DEVELOPING EMOTIONAL INTELLIGENCE FOR SUCCESS! (G2G)

Presented by: Joni Naugle, President, Naugle Associates, LLC Date: Tuesday, January 17, 2017 Location: The DoubleTree by Hilton Hotel Reading Time: 11:30 a.m.-1:00 p.m. Cost: $22/person (includes lunch)

In today’s challenging business environment, you can’t survive on your IQ (Intelligence Quotient) alone. Developing your EQ is equally, if not more, important for career success. Join us to learn more about EQ, what it is, why it’s important for your success and what you can do to improve your own emotional intelligence. Joni specializes in Leadership and Company Culture.

7 JAN 1


DE MUJER A MUJER FEBRUARY

FEB 9

Presented by Zylkia Rivera – Goodwill Industries

All attendees will receive FREE admission to Caliente!* Adult program is for women only! Must be present by 5:45 p.m. to receive ticket to enter Caliente. *Must be 21 to enter!

Date: February 9, 2017 Location: Crowne Plaza Reading Time: 5:30 p.m.-7:00 p.m. Cost: FREE!

Zylkia is a Certified Employment Support Professional (CESP) and manages the South Central Region for Goodwill Keystone Area. She was raised by her grandmother and mother in Bayamón, Puerto Rico, where she completed her Bachelor's Degree in Biology at the Interamerican University. After completing her degree, with limited English skills, she moved to Pennsylvania with her husband, Michael, to start a business. When she became a mother she decided to work part-time at Boscov’s Department store, practice her English skills and go back to college to complete her Master's Degree in Public Health at West Chester University. Some of Zylkia’s accomplishments include developing leaders and healthy communities through her work at the Hispanic Center Daniel Torres, the Council on Chemical Abuse, Latina Health Conferences and Goodwill Keystone Area. She is the first Latina appointed to serve on the Board of Trustees of the Reading Area Community College, where she also served as the Board’s vice-chair. 4 FEB 1

P. SUE PERROTTY (W2K)

Date: Tuesday, February 14, 2017 Location: Crowne Plaza Reading Time: 11:30 a.m.-1:30 p.m. Cost: $22/person (includes lunch)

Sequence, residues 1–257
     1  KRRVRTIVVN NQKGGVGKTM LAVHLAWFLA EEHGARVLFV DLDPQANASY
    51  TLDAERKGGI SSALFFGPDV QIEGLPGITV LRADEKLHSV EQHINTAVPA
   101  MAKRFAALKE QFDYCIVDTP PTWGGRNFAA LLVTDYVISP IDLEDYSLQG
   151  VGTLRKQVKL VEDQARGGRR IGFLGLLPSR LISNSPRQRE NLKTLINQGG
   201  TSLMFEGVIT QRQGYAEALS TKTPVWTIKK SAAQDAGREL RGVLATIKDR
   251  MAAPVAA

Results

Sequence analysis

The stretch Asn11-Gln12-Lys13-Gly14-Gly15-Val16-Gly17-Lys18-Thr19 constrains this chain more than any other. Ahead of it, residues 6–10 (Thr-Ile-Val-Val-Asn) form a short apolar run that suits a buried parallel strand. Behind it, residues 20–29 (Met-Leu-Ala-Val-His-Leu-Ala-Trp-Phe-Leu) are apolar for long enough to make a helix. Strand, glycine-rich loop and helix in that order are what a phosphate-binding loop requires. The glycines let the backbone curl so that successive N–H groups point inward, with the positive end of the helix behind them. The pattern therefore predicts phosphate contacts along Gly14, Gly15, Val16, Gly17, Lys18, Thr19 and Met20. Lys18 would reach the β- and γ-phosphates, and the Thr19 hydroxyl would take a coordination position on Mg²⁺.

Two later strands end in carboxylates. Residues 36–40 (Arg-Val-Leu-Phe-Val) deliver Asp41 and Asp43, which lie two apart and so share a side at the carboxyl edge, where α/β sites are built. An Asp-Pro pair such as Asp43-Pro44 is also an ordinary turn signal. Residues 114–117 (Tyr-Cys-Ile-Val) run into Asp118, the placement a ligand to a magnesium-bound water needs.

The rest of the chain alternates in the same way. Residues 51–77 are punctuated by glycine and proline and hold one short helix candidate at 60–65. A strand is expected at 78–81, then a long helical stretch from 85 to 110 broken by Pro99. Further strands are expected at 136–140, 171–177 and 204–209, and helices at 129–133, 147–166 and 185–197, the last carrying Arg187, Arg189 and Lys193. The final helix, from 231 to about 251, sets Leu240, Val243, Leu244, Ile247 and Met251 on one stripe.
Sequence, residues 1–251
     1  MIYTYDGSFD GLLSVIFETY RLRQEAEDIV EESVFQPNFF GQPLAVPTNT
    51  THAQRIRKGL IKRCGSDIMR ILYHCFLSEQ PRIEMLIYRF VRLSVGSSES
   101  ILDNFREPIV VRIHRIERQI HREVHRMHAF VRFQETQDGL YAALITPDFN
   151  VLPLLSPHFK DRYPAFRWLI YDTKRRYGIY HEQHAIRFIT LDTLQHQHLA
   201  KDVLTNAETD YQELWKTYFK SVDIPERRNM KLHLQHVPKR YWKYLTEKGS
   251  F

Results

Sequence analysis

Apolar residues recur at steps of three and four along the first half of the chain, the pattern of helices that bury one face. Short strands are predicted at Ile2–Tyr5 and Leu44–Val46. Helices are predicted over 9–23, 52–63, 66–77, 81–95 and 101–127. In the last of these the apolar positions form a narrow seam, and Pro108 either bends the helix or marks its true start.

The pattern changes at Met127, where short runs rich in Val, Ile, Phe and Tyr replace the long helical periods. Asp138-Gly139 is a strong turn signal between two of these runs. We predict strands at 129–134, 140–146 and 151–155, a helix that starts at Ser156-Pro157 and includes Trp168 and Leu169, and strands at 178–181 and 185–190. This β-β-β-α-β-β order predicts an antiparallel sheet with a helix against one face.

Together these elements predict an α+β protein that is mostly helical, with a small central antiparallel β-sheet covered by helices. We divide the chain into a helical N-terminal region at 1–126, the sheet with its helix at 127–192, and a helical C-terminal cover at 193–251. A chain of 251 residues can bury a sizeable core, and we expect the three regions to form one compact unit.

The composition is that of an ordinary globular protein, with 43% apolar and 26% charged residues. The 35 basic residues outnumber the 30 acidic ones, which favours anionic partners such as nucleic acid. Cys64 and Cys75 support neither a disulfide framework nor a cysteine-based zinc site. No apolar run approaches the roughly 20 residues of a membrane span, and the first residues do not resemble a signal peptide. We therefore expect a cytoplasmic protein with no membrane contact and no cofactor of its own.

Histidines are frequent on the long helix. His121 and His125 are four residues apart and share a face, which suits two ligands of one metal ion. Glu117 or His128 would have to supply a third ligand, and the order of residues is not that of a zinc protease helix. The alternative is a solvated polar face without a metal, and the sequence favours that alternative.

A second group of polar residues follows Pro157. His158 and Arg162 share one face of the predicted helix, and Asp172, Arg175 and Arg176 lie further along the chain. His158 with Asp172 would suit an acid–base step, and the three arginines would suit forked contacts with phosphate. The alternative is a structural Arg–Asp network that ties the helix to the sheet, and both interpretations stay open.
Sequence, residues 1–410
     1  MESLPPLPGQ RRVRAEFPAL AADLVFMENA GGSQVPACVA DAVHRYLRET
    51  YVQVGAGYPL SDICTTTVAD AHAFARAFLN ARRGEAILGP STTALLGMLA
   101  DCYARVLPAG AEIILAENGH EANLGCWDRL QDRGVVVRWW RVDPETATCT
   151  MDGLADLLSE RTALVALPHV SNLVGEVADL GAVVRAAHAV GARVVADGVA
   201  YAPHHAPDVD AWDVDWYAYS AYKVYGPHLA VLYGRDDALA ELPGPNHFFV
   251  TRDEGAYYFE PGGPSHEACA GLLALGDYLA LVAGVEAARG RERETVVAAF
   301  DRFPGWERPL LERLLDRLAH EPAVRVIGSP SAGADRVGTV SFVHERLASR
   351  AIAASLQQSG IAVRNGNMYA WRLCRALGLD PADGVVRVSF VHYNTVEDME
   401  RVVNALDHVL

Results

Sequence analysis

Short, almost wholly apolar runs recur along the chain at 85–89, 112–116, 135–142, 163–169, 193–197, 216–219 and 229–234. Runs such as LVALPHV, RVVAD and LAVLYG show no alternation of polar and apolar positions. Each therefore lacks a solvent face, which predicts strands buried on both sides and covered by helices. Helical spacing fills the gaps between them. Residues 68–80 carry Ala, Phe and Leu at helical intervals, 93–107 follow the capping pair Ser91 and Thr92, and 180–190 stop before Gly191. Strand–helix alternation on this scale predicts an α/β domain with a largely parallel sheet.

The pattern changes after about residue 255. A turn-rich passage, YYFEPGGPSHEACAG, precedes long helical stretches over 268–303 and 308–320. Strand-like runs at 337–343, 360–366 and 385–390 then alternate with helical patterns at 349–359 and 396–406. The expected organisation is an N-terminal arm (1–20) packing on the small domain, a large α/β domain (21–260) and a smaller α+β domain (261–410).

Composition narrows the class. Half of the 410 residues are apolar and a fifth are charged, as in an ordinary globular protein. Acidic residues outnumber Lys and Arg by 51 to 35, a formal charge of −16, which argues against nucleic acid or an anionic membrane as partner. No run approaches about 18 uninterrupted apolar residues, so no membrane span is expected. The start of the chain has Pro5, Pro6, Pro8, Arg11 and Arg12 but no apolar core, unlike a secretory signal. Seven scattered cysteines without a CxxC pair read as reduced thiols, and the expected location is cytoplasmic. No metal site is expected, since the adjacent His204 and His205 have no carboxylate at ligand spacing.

Sue Perrotty retired from banking in 2002 after a 27-year career in the industry, most recently as Executive Vice President and head of global operations for First Union Corp., as a member of the Office of the Chairman in Charlotte, N.C. Following retirement from banking, Sue served as Chief of Staff to First Lady of Pennsylvania Judge Marjorie Rendell from 2003 through 2007. Sue is the CEO and Owner of AFM Financial Services and BAC Services and currently serves as an independent consultant to several small businesses and entrepreneurs in the Pennsylvania and New Jersey area. She also serves on several Boards for American Realty Capital related entities. She has received numerous awards for community leadership and professional accomplishments including the PA 50 Best Women in Business, the Franciscan Award from Alvernia University, the Albright College Distinguished Alumni Award, the Women of Distinction award from the March of Dimes, Take the Lead Award from the Girl Scouts, and the 2006 Champion of Youth Award from Olivet Boys & Girls Club. In 2009 she was awarded an Honorary Doctorate of Law Degree from Albright College. She was also the 2016 Athena Award winner in Berks County.

MENTORING AS A LIFE PHILOSOPHY (P2D)

8 MAR 1

Presented by Pat Schuster, General Manager at Polychem Systems, Div. of Brentwood Industries, Inc. Date: Wednesday, March 8, 2017 Location: Chamber’s Center for Business Excellence Time: 4:30-5:15 p.m. Networking; 5:15-6:30 p.m. Program Pat’s career spans several decades and she has a plethora of leadership success. She was the most senior leader at one of Reading’s most successful enterprises – AT&T. She currently runs a division at Brentwood Industries. Throughout her career, Pat has mentored countless women and men. Hear from this icon and what she really thinks is important in life and in business.

DE MUJER A MUJER – MARCH

MAR 9

Presented by Alneasa Jordan

All attendees will receive FREE admission to Caliente!* Adult program is for women only! Must be present by 5:45 p.m. to receive ticket to enter Caliente. *Must be 21 to enter!

Date: March 9, 2017 Location: Crowne Plaza Reading Time: 5:30 p.m.-7:00 p.m. Cost: FREE! Alneasa Jordan was born and raised in Newark, NJ and moved to Reading, PA in 2006. She started working in the hospitality business in 1999. Alneasa began her career as a telephone operator for a Marriott Hotel and quickly moved into management. After working at the Newark Airport Marriott, Newark Penn Station Hilton, and the Marriott Marquis in New York City, she realized that this was her passion. Alneasa is an active member of Reading Rotary, Reading Recreation, Reading Squires Club, and BCPS. She is also the founder of her own non-profit, G.E.M — Girls Empowerment Movement — which educates young women on how to set goals and what it takes to stay on the right path to accomplish them.

Register for any of these events at www.berkswomen2women.com or call 610.376.6766. To Join Women2Women, e-mail: W2W@GreaterReadingChamber.org Plus, stay connected at: BerksWomen2Women.com Facebook.com/BerksWomen2Women

LinkedIn: Berks Women2Women Group berkswomen2women.com 33